I’ve heard many stories from decades past when Emeryville was vast warehouse spaces for artists, musicians and underground music events. The Emeryville Warehouse Lofts, where I now live with my family, was one of these spaces and hosted bands like Flipper, Counting Crows and Green Day (there’s even a facebook page for “survivors” of the Warehouse Co. to share memories.). Artists & musicians gravitated to Emeryville because of affordability – my, how things have changed.
Those spaces are pretty scarce these days save a few industrial enclaves in our town. One of these is a fairly unassuming building along Horton called Midsummer Studios. Midsummer offers its space for rental for photo and video shoots, concerts, private events, “or anything else you can think of” it notes on its website. “Midsummer Studios is a convenient and happy one-stop shop, with the square footage to do just about anything.”
Ironically, a public benefit to help victims of the Ghost Ship tragedy where nearly 1000 people RSVP’d may have put them on our city’s radar.
— The E’ville Eye News (@TheEvilleEye) December 8, 2016
The event was subsequently moved to an alternate location after city staff intervened to remind them of permit requirements for events larger than 50 people. This might be a sign of things to come for this and the few other “underground” event spaces in our city. This SF Gate article details what may be the local impacts of the Ghost Ship fire being felt in Emeryville.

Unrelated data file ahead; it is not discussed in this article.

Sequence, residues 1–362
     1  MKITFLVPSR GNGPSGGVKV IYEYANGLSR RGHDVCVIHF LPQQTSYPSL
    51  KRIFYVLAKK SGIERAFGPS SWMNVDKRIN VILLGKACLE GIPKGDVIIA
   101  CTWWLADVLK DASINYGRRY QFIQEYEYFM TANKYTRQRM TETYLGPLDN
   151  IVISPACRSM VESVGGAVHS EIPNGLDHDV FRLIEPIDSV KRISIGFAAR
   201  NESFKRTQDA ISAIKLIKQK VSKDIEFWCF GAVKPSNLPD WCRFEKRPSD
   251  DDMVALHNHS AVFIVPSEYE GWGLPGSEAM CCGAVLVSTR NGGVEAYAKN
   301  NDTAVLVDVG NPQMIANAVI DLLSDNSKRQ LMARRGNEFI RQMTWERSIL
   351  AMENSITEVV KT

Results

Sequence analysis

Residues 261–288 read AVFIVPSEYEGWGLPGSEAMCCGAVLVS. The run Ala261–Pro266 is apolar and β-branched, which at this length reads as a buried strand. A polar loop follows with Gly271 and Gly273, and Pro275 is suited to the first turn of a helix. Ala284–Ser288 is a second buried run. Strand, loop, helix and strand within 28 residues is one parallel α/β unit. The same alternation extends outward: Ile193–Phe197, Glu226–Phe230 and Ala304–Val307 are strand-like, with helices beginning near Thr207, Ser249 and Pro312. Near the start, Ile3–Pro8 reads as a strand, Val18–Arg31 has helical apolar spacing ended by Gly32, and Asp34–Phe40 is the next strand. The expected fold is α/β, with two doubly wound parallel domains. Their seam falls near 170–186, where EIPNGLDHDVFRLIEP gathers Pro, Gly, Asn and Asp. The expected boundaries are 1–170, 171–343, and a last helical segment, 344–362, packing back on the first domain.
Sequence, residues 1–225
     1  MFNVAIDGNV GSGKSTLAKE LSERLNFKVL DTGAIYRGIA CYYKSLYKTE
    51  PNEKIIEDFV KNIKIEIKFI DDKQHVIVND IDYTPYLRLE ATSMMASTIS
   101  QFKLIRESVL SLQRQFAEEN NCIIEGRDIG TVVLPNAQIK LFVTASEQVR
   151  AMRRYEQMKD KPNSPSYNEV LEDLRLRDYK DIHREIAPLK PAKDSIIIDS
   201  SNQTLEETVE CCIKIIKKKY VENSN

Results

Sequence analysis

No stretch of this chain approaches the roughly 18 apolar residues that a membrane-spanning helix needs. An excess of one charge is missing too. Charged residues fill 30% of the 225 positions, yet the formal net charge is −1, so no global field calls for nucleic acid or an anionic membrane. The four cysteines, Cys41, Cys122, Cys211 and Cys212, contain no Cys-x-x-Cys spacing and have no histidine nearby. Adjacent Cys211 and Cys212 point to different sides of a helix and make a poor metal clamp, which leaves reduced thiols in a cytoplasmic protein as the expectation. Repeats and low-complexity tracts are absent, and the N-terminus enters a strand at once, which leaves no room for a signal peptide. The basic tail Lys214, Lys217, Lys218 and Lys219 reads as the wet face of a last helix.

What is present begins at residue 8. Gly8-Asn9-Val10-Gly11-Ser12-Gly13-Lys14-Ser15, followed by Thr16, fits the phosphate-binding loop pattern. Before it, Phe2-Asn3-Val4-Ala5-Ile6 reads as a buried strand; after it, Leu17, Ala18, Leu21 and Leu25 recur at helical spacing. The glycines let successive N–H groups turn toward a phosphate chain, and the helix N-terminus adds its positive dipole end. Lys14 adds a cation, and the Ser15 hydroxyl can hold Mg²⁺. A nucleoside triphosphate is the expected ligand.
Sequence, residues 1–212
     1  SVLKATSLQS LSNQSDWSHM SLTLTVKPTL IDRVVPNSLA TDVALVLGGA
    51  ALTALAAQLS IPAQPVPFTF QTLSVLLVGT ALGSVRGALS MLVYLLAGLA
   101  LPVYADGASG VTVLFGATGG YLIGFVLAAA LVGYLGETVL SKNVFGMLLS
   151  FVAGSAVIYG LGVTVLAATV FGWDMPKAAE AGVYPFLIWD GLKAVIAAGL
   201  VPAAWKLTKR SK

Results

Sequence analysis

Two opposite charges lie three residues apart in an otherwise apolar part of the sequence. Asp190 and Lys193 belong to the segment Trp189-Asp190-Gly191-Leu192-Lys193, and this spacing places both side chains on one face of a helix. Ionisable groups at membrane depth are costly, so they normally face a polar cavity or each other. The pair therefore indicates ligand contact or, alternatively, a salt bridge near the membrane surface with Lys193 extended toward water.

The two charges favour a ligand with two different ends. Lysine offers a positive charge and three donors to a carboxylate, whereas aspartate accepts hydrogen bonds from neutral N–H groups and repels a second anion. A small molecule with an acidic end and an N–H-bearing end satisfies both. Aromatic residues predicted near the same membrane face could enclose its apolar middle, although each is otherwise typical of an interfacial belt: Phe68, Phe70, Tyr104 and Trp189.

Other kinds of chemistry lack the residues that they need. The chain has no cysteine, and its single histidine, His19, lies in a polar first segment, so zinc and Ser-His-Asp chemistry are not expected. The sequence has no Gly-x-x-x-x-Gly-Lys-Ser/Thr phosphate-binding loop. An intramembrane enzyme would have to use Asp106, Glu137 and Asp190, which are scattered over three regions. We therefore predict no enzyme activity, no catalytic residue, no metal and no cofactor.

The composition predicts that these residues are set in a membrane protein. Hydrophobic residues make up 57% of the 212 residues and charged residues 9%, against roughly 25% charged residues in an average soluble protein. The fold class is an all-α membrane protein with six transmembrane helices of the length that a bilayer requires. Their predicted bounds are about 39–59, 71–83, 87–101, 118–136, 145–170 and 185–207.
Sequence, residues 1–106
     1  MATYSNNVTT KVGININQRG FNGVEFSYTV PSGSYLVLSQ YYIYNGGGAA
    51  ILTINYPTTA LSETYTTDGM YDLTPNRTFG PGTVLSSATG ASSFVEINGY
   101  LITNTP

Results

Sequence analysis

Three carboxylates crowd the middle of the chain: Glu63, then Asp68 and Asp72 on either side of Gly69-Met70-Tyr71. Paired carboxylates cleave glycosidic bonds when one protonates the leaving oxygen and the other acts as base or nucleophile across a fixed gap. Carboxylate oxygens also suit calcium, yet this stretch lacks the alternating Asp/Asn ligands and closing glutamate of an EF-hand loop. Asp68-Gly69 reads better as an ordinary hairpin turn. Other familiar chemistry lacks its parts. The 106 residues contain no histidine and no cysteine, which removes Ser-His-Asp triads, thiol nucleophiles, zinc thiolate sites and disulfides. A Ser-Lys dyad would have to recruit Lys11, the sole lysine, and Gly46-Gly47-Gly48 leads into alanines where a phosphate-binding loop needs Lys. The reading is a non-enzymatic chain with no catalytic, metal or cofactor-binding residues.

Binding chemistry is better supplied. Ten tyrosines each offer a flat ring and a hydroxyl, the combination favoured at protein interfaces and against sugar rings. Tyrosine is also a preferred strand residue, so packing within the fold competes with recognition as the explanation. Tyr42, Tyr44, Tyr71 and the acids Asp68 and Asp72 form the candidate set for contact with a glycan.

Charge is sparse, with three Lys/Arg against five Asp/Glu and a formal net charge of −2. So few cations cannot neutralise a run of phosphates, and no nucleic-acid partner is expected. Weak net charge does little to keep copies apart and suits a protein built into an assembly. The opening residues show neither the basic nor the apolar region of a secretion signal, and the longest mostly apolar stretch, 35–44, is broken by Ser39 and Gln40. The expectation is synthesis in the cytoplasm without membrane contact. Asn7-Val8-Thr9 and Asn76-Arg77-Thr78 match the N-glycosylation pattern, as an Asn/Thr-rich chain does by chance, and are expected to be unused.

Emeryville film show latest event shut down after Oakland fire
By Michael Bodley
The Emeryville warehouse known as Midsummer Studios has long hosted weddings and concerts, children’s camps and fundraisers, mostly without city-required permits.
That never seemed to be a problem until now. A Saturday night film screening expected to draw about 200 people to the 3,000-square-foot studio space was called off, organizers say, because the city said events like it need approval.
The event is the latest casualty of what many say is a magnifying glass on not only artist spaces, but also their activities — in the name of safety. After the Dec. 2 fire at Oakland’s Ghost Ship warehouse, where 36 died at an unpermitted music show, many events lacking approval have been shuttered in California and across the country.